A Painful Tale of Process Knitting

Grand Duchess is progressing about as fast as paint peels.  That means about a row a day.  Let’s see, that would put a finish date at about late 2010, after you factor in taking my current average of about 2 days a week off from it. The good news is that I think I’m finally getting into the groove with it, and I can plan on about 20-30 minutes to finish one row that has patterning in it and about 10 minutes to finish one row with stockinette for the shawl body (the border always has patterning in it). There are a few reasons why it’s coming along better:  1) dying the yarn crimson makes it easier to see what I’m doing; 2) I’m using KA Bamboo circular needles; 3) I’m using dental floss for a lifeline.

Lifelines
I tried using various fibers for a lifeline, but none of them were very satisfactory, mostly because other fibers drag the mohair through the stitches, which makes it really hard to rip out if necessary.  I tried using nylon fishing line, but that was hard to see and it slipped out too easily.  So for all but the last 8 cm of the 24 cm (9.5″) I’ve knitted so far, I’ve gone without lifelines. And it’s been painful.  However, one day I was listening to David Reidy’s Sticks & String podcast (highly recommend it) and he mentioned using dental floss in his knitting, and what a huge difference it makes in Grand Duchess. The dental floss is soft enough that it just lays within the stitches, it has enough drag in it to so that it doesn’t slip out, but it doesn’t have so much drag as to pull the mohair through the stitches. And it’s minty-fresh!

Needles
I am now using KA Bamboo Classic circulars, but quite by accident. One day I had to break the yarn because of a snag, and being too lazy to get scissors I actually tried breaking the with my hands. Silk doesn’t break easily and by the time the yarn broke, I also broke my KnitPicks Harmony wood 2.25 mm fixed circular needles!  Digging around my stash of needles, I came across the KAs which I’d bought at Bad Women Yarn and were packaged (by the manufacturer) as 2.0 mm but miraculously turned out to be 2.25 mm (luckily I hadn’t used them on a project yet, although it probably wouldn’t have made a huge gauge difference in this project).  These are really nice needles!  There’s the durability of bamboo, very nicely crafted needle points and excellent cable joins to the needle, which turned out to be much better than the cable joins of the Harmony fixed circular on which the fine Orenburg yarn stitches kept getting stuck.  So the needle switch turned out well and besides, I didn’t like the Harmony 2.25 mm needle tips and feel that they could be better finished, and the red yarn against the mostly red Harmony 2.25 mm made it hard to distinguish the stitches, which took me back to the beginning of the whole project when the yarn was grey and I was using light colored metal needles.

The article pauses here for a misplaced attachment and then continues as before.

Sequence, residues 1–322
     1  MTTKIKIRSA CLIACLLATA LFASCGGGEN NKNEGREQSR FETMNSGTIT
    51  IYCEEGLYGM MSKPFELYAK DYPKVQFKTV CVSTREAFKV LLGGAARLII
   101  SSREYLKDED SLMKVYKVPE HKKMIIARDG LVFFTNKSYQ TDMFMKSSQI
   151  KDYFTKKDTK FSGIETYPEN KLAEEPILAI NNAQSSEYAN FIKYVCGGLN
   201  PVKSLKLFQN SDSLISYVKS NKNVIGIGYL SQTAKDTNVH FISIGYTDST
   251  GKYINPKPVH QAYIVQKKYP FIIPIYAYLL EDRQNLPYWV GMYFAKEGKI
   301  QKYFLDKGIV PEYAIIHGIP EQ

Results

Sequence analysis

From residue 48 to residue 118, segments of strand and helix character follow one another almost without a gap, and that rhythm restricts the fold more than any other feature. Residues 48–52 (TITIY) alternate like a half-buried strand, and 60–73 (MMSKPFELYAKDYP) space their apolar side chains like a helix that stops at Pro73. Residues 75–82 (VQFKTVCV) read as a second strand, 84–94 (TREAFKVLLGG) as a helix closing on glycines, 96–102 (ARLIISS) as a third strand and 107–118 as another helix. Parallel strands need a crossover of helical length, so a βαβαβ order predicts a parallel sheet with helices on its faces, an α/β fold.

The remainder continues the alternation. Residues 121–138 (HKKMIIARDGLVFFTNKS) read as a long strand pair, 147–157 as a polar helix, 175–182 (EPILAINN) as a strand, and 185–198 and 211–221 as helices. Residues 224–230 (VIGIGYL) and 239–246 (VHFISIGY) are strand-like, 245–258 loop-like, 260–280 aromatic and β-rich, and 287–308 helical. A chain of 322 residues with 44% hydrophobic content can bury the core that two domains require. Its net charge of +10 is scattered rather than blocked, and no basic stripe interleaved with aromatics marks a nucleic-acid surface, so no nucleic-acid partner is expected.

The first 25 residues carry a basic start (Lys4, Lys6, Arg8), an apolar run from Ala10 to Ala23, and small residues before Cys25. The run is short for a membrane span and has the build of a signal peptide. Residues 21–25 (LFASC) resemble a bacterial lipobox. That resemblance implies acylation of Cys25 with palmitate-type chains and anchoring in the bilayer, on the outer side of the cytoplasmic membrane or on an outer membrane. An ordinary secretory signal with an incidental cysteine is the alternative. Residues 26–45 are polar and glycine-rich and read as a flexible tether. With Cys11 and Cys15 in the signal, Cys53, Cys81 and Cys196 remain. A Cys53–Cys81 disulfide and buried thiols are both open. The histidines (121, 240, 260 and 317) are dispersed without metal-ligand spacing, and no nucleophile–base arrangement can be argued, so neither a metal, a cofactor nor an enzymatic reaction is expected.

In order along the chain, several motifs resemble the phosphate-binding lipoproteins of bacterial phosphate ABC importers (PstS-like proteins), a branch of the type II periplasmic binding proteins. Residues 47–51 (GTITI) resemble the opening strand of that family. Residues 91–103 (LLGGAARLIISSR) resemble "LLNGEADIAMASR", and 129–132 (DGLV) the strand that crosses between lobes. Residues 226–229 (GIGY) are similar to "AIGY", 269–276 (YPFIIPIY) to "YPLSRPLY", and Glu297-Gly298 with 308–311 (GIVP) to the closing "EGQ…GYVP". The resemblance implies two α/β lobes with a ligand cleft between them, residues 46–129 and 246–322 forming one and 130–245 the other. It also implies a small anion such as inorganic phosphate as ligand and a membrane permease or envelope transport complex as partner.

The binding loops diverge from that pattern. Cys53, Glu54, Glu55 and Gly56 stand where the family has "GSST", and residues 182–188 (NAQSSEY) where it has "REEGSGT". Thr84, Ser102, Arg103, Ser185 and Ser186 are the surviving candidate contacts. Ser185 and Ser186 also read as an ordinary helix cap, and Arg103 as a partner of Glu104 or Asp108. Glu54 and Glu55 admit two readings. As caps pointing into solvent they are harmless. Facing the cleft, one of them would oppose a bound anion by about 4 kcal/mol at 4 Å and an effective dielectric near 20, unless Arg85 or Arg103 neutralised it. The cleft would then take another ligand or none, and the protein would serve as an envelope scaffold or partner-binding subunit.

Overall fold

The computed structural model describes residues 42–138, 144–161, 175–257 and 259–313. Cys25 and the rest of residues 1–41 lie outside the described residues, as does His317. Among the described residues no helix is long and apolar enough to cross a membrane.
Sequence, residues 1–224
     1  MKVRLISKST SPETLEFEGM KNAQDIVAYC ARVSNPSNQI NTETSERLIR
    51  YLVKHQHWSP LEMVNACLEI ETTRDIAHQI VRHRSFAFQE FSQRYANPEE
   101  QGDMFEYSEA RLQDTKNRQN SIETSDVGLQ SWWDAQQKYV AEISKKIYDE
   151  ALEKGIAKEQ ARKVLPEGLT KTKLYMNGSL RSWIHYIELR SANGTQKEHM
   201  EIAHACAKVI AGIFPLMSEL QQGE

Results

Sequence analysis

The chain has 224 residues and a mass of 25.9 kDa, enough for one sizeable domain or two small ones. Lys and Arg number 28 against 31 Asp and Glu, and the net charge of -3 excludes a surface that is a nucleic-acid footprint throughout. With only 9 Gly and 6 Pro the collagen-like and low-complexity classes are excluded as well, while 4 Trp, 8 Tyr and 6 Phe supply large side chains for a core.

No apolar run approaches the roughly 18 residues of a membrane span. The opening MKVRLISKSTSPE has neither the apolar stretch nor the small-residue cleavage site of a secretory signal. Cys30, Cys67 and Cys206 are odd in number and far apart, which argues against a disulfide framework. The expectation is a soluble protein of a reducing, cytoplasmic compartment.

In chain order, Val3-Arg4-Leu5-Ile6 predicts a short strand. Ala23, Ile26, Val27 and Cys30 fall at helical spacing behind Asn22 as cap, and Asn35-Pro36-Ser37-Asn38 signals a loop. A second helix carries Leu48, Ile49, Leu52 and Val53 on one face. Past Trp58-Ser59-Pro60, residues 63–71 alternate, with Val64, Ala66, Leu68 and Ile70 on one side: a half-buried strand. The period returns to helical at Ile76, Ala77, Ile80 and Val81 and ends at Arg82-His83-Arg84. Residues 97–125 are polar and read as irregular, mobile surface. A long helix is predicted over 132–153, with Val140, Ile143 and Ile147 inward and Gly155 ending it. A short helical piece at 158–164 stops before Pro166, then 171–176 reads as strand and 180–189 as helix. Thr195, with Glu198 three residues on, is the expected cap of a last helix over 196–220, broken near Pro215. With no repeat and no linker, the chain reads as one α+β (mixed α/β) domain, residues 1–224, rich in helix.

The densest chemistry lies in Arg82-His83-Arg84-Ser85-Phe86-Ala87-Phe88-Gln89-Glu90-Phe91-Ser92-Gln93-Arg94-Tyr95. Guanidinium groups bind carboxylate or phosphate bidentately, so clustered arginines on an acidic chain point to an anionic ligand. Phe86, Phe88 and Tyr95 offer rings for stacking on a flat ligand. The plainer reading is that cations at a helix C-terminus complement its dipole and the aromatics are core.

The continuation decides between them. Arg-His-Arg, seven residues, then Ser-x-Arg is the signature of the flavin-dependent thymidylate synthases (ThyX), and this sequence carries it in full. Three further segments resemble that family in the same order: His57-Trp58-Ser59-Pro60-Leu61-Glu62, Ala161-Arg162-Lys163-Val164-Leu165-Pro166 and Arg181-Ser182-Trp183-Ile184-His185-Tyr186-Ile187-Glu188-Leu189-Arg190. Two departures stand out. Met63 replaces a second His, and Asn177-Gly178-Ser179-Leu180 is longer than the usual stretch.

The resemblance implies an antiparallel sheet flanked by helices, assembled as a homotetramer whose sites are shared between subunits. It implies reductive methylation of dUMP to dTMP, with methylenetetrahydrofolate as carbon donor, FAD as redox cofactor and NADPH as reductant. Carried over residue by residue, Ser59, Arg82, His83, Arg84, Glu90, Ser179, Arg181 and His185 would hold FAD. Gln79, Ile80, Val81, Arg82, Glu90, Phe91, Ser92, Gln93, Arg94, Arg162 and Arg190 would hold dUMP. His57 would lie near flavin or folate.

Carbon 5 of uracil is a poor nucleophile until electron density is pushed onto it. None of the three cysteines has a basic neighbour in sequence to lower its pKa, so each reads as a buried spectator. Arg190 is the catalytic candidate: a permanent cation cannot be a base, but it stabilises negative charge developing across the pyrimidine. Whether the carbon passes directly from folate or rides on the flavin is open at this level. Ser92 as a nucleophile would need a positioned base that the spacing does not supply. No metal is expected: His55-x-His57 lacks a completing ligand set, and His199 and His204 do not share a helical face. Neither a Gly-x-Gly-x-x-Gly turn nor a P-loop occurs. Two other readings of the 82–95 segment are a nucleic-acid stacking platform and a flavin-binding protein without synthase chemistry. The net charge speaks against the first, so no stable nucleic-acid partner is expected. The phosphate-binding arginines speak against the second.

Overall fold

Actual Knitting
In the pattern a typical stockinette row looks like this:  border pattern (ranging in 18-22 sts in width), 273 sts of stockinette, ending the row with another 18-22 sts of border pattern.  A typical pattern row for the body has yarnovers and K2Togs throughout and requires close attention to the count of the pattern.  A typical patterning of rows for the body of the shawl has two rows of pattern, followed by two rows of stockinette, and while the stockinette provides a welcome relief from the close attention to detail that the pattern rows require, it also means that mistakes can go unnoticed until as many as three rows later.  Noticing mistakes three rows later means ripping back rows to fix the mistakes if the mistakes involved dropped stitches or, if it involves just losing a stitch, then picking-up a stitch where the body meets the border or at some other well-planned location within the pattern (not easy to do because you can’t see how the knitting is coming along because it’s so fuzzy).  Ripping back a few as one row can set me back a week or two of knitting depending on how bad the mistake is (or how hard it is to figure out where I went wrong), because as I remove stitches, other stitches come undone with it, but that should be less of a problem with the addition of the lifeline.